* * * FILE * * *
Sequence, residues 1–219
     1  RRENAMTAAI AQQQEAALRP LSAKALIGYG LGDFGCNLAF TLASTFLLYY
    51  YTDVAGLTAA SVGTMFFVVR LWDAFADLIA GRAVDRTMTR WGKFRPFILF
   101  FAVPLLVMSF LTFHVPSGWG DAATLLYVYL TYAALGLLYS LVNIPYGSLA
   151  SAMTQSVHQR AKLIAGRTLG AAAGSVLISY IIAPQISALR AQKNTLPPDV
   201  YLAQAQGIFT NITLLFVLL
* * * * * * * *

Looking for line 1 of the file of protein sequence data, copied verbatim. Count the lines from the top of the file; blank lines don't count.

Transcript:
Sequence, residues 1–219